Even though most rental properties appreciate over time, rental property owners are allowed to depreciate the non-land portion of their properties either over 27.5 years if residential or 39-years if non-residential. This write off can substantially reduce the tax liability on rental income received by landlords. Furthermore, it may be possible to accelerate the amount of allowed depreciation through utilizing bonus appreciation allowances permitted under the recent Tax Cuts and Jobs Act of 2017 (TCJA).

3. Repairs

Need to replace some light fixtures? Is it time to repaint? Required to fix a roof? All these expenses can be deducted in the year they were incurred. The recent Tax Cuts and Jobs Act broadens the list of eligible items that can be expensed in the first year of use.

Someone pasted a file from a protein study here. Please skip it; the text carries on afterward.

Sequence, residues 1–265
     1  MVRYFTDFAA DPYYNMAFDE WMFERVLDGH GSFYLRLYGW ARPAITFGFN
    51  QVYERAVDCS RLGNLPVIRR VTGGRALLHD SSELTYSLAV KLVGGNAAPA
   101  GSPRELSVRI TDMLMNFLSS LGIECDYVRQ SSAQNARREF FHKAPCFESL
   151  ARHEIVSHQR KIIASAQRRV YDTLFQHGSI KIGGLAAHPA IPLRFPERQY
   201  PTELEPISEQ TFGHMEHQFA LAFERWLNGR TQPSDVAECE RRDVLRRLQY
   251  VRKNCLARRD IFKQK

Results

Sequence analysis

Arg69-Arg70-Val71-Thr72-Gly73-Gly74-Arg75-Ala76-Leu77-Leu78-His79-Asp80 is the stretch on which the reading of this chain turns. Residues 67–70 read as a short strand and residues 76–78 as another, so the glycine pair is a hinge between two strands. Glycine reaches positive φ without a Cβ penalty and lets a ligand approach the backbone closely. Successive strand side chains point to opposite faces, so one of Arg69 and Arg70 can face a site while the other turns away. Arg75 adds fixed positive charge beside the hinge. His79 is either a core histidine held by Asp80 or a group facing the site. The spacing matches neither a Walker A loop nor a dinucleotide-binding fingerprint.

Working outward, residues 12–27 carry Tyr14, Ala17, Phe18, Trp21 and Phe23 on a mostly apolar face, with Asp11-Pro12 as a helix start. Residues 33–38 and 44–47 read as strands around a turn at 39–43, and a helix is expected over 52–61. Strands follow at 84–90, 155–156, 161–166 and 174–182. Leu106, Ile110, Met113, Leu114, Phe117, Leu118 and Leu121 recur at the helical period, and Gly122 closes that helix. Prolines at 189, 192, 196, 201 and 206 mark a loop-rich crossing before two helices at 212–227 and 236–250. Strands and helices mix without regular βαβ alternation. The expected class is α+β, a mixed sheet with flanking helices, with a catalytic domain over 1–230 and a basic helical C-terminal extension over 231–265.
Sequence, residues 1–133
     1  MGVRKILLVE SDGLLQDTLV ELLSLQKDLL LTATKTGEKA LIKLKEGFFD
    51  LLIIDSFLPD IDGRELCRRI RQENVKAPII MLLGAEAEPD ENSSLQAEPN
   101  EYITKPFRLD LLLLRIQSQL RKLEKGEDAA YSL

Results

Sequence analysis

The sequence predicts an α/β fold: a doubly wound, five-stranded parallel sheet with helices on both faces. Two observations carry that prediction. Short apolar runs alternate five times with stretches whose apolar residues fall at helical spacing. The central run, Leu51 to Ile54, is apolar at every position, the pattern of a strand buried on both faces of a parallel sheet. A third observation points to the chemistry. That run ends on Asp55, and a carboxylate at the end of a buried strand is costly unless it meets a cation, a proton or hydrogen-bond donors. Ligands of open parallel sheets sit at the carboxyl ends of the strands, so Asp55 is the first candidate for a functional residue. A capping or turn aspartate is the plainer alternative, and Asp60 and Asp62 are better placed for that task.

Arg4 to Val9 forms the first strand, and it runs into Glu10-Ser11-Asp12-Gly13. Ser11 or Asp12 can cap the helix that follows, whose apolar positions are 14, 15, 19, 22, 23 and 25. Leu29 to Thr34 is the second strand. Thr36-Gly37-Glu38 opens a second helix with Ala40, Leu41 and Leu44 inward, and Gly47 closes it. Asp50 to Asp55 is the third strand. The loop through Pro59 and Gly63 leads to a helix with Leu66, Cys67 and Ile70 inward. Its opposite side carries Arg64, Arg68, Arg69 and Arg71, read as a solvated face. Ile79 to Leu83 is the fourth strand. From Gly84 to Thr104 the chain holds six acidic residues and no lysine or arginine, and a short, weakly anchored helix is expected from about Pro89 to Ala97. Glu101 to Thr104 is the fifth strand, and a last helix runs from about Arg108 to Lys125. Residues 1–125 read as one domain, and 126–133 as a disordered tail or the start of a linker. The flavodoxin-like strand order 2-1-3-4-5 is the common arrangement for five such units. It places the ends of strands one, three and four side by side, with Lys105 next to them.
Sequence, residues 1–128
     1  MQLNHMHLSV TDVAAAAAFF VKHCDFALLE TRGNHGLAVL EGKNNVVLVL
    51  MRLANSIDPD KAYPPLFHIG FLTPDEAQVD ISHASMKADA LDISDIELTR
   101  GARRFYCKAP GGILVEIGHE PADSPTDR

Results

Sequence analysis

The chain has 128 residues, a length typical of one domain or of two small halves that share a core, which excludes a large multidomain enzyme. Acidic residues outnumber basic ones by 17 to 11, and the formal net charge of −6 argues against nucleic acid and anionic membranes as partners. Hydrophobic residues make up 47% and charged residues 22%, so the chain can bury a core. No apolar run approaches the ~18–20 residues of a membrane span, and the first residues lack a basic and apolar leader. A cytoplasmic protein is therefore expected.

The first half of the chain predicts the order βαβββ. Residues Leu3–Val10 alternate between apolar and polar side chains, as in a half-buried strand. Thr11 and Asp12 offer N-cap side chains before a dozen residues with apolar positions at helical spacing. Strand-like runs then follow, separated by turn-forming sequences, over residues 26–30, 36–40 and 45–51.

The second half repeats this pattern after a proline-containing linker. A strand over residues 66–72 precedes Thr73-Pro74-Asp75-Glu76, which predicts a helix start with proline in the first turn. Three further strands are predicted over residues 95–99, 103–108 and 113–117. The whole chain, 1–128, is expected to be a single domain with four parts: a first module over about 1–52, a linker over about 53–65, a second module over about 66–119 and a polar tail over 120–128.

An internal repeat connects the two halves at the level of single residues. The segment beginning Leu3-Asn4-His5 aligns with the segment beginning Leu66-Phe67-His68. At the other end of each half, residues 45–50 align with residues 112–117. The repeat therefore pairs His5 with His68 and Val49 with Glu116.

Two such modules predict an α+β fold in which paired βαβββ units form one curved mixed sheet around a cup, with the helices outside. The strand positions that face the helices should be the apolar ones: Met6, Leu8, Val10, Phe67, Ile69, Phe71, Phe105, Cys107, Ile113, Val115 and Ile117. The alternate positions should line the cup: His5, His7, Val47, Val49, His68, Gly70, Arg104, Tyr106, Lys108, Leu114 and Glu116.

4. Personal Property

Owners often miss this one, thinking that personal property purchased for use in a rental property needs to be capitalized. But the IRS permits deductions for certain purchases under the de minimis safe harbor deduction (i.e., property valued at less than $2,000). These expenses often include appliances and furniture in rental units and landscaping equipment related to property maintenance.

5. Pass-Through Tax Deduction

The 2017 Tax Cuts and Jobs Act enabled landlords to qualify for a special (income) pass-through tax deduction. Depending on a landlord’s income, he might be able to deduct up to 20% of his net rental income thereby reducing the amount of taxes that would otherwise be owed. This deduction is scheduled to expire after 2025.

6. Travel